[Spread-users] BUFFER_TOO_SHORT && endian_mismatch >= 0

Tim Peters tim at zope.com
Thu Jul 4 00:24:53 EDT 2002

[Jonathan Stanton, on our Spread wrapper's

 		if (size >= 0) {
 			if (num_groups < 0) {
 				/* XXX This really happens!
 				   Don't dare retry the receive, since we
 				   didn't get an error.  The extra names
 				   are forever lost. */
 				num_groups = max_groups;

I was tempted to blow this off as a distraction because I didn't write this
part of the code, the fellow who did is on vacation and unreachable, this
app never sends to more than one group, we reserve space for 10 groups on
the receiving end by default, and we're not having a problem with this part
of the code anyway ... but <wink>:

> The only way I can see this happening is if the DROP_RECV flag is passed
> in the service type field. This flag enables the "old" behavior of
> Spread prior to version 3.12. This behavior is still useful sometimes
> when you do not want to retry and you just want to make progress (or the
> buffer space is limited).

Ouch.  We don't want DROP_RECV behavior in this app, but I do believe our
code is treating service_type as a pure output parameter.  It's declared as
an auto like so

	service svc_type;

and we never initialize it before passing its address to SP_receive.  So its
value on *entry* to SP_receive is whatever trash happened to be sitting on
the stack.  The SP_receive man page says:

     Service_type is a pointer to a variable of type 'service' which will
     be set to the message type of the message just received.  This
     will be either a REG_MESSAGE or MEMBERSHIP_MESS, and the specific

I'm not sure any of us understood that it's also an input parameter.  Our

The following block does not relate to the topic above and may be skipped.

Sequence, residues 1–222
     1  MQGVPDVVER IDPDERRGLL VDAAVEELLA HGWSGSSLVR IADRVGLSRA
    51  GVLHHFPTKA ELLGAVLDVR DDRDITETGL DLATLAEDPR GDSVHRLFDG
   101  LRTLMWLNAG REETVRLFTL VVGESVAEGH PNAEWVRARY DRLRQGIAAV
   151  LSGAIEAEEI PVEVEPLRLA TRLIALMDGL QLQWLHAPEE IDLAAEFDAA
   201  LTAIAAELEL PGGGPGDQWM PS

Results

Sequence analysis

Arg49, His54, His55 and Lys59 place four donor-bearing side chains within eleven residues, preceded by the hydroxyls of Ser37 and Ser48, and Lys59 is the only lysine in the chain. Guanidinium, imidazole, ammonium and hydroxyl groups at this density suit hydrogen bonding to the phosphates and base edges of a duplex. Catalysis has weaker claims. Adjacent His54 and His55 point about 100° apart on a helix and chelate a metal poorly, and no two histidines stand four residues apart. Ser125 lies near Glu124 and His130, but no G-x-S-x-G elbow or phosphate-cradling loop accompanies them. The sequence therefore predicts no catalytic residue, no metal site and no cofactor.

code certainly isn't treating it like one.  I assume we should initialize it
to 0 instead (we never want DROP_RECV behavior in this app).

> if DROP_RECV is enabled, then a 'successful' SP_receive call can have a
> negative num_groups. This indicates that some of the groups were dropped
> but the message was received.

It looks like we can enable DROP_RECV purely by accident.  Can specifying
DROP_RECV in service_type, or any other flag (if there are any others -- not
clear), on entry make it possible for SP_receive to return BUFFER_TOO_SHORT
and set endian_mismatch >= 0 too?  That would explain our user's symptom if
so; else that part remains a mystery.

> GROUPS_TOO_SHORT should be returned whenever DROP_RECV is NOT set and
> the groups array is too small. If the buffers are also too small then
> GROUPS_TOO_SHORT will be set but endian_mismatch will also be negative
> so you know how big a buffer is needed.
> BUFFER_TOO_SHORT is only returned if the groups array IS big enough

The groups array is always big enough in this specific app.

> and DROP_RECV is not set. OR if DROP_RECV is set then it will be returned
> whenever the buffer is too short, even if groups is also short.

In that case (DROP_RECV specified unwittingly, and buffer is too short, and
BUFFER_TOO_SHORT returned), would endian_mismatch still contain the negation
of the buffer size needed had DROP_RECV not been specified?  Or might it
contain a value >= 0 then?

> I agree this is a slight descrepency -- it results because originally
> only BUFFER_TOO_SHORT existed, GROUPS_TOO_SHORT was added when the
> semantics were changed from DROP_RECV to NOT DROP_RECV by default.

That's OK, I wasn't complaining about inconsistency.  This piece of the
Spread API may be too complicated for human use, but that's why we wrote a
wrapper <wink>.

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